This work concerns the development of improved satellite microphysical observational datasets and their application to investigating science problems. The main effort of this work has been to produce reliable cloud droplet concentration data. Droplet concentration is a valuable quantity since it is fundamentally connected with aerosol processes and thus gives insight into the aerosol and CCN budget.

The dataset that I have produced is unique because it allows the study of high latitude clouds, such as those in the Arctic and in the Southern Ocean; we have demonstrated that the standard MODIS climatology cannot be reliably used in these regions because of retrieval artefacts at high solar zenith angles. I have quantified the impacts of these artefacts and then reprocessed individual MODIS granules from one year of global data to remove the data that was likely to be bad. The aforementioned regions are the cloudiest on Earth with consequently very large Cloud Radiative Forcing effects, despite the reduced short wave input relative to low latitudes. We are in the process of exploiting this dataset to look at the seasonal cycle of Southern Ocean droplet concentrations and the impact of this upon the Earth's solar radiation budget.


We have been working towards the development of a test-bed to assess the representation of low clouds in GCMs. This utilizes aircraft observations, satellite observations of cloud fraction, liquid water path, boundary layer height, precipitation rates and a cloud droplet dataset from MODIS. The work takes place as part of a Climate Process Team and with the aim of testing of a new PDF based cloud parameterization called CLUBB.

Teaching Interests

I feel that passing on knowledge to the next generation of students is vital for the future of science and society, but I also find teaching personally fulfilling and highly rewarding. I am always willing to take several opportunities to teach and to take part in outreach events. Here is a brief summary of some of my experience.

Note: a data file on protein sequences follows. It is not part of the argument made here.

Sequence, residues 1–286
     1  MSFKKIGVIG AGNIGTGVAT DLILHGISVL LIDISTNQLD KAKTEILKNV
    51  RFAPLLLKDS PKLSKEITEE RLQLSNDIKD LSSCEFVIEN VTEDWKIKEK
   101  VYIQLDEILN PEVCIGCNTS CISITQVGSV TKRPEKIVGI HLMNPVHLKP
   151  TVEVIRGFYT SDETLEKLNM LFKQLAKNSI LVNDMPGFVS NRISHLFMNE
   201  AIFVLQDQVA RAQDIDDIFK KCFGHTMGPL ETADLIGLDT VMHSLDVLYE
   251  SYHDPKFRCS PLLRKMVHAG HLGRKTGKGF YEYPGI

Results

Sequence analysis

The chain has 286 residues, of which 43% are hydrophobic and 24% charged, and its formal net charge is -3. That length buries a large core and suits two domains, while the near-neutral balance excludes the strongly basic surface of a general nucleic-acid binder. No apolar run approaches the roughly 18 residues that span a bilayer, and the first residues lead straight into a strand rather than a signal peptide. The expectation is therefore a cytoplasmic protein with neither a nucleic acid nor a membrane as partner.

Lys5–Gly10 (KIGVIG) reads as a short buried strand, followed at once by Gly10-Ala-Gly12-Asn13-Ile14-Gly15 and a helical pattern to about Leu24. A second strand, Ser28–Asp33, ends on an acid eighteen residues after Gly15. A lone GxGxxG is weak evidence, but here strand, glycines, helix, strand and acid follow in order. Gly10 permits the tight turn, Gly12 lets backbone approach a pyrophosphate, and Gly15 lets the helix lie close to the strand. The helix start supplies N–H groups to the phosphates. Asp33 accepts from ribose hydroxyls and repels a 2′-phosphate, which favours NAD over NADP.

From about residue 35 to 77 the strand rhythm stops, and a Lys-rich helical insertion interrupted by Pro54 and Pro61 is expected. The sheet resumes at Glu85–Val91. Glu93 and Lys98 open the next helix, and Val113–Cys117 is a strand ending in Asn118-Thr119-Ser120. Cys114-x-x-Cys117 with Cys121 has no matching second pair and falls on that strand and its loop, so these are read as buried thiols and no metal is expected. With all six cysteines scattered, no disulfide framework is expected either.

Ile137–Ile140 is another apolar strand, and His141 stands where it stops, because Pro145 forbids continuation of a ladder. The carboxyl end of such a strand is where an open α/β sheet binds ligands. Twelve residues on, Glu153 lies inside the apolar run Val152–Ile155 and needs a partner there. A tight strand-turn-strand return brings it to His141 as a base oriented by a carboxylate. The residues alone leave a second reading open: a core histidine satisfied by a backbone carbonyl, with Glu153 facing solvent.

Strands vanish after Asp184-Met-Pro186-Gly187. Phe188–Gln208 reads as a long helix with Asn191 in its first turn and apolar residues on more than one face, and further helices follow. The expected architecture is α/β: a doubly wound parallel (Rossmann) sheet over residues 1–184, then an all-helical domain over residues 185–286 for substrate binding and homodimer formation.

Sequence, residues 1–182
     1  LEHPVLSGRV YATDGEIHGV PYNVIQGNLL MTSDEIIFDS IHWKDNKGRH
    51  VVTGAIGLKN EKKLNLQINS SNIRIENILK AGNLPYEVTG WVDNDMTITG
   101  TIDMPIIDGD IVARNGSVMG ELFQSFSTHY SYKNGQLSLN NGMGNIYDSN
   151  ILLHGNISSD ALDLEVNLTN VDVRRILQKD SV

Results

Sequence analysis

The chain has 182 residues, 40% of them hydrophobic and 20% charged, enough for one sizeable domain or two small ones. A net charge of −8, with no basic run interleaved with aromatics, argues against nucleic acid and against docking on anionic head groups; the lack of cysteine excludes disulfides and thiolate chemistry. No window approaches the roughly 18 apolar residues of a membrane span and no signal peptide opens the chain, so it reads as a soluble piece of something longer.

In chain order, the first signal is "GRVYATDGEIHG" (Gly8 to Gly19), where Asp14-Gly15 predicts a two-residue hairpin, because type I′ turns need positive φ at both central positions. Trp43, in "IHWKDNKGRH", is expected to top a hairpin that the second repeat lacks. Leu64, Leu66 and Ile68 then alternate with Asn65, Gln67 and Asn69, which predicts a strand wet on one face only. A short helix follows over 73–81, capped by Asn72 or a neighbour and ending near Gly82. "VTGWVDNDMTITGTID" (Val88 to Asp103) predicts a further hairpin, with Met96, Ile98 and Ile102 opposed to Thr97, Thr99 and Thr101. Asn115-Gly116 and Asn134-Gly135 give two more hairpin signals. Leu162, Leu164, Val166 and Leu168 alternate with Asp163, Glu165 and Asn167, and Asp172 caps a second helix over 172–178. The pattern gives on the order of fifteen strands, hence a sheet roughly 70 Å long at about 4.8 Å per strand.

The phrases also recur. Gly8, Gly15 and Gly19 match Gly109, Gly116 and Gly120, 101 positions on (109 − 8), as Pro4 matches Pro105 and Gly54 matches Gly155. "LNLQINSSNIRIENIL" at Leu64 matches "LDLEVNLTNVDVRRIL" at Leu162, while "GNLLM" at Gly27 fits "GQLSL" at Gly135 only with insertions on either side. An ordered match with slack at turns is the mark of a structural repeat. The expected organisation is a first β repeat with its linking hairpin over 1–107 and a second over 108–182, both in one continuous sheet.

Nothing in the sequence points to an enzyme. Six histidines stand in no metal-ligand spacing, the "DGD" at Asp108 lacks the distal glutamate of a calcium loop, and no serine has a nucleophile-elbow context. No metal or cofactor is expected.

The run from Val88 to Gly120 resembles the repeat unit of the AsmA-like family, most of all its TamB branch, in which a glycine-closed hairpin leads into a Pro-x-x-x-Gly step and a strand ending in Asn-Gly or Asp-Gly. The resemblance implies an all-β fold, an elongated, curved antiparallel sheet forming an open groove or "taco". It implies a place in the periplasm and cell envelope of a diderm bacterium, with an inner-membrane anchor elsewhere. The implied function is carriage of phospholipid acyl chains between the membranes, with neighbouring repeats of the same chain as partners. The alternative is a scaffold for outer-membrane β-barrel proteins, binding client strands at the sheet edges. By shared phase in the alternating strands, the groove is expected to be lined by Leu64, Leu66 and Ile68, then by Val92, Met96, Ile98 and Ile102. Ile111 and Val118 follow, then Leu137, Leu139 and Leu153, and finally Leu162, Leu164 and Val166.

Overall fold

I have worked closely, as de facto advisor, with two Ph.D. students, helping them to design and implement their research projects.
Gave undergraduate tutorial classes during which I came to realise that very little of the lectures had sunk in for the students and I received several comments from the students that my explanations had helped them to gain a firm understanding of the material, which was demonstrated by their ability to answer further related questions. It also shows that lectures need to be improved!
Helped to staff a table on weather forecasting at a public science fair. It was very rewarding to have many children and parents thank us for giving up our time in order to communicate the exciting nature of atmospheric science and its applications!
Through the auditing of classes from the Atmospheric Sciences graduate programme at the University of Washington I have had recent exposure to high quality teaching methods and syllabus material, as well as gaining renewed first-hand insight into how lectures and course materials are received by the students.


  • –present
    Research Fellow, School of Earth & Environment, University of Leeds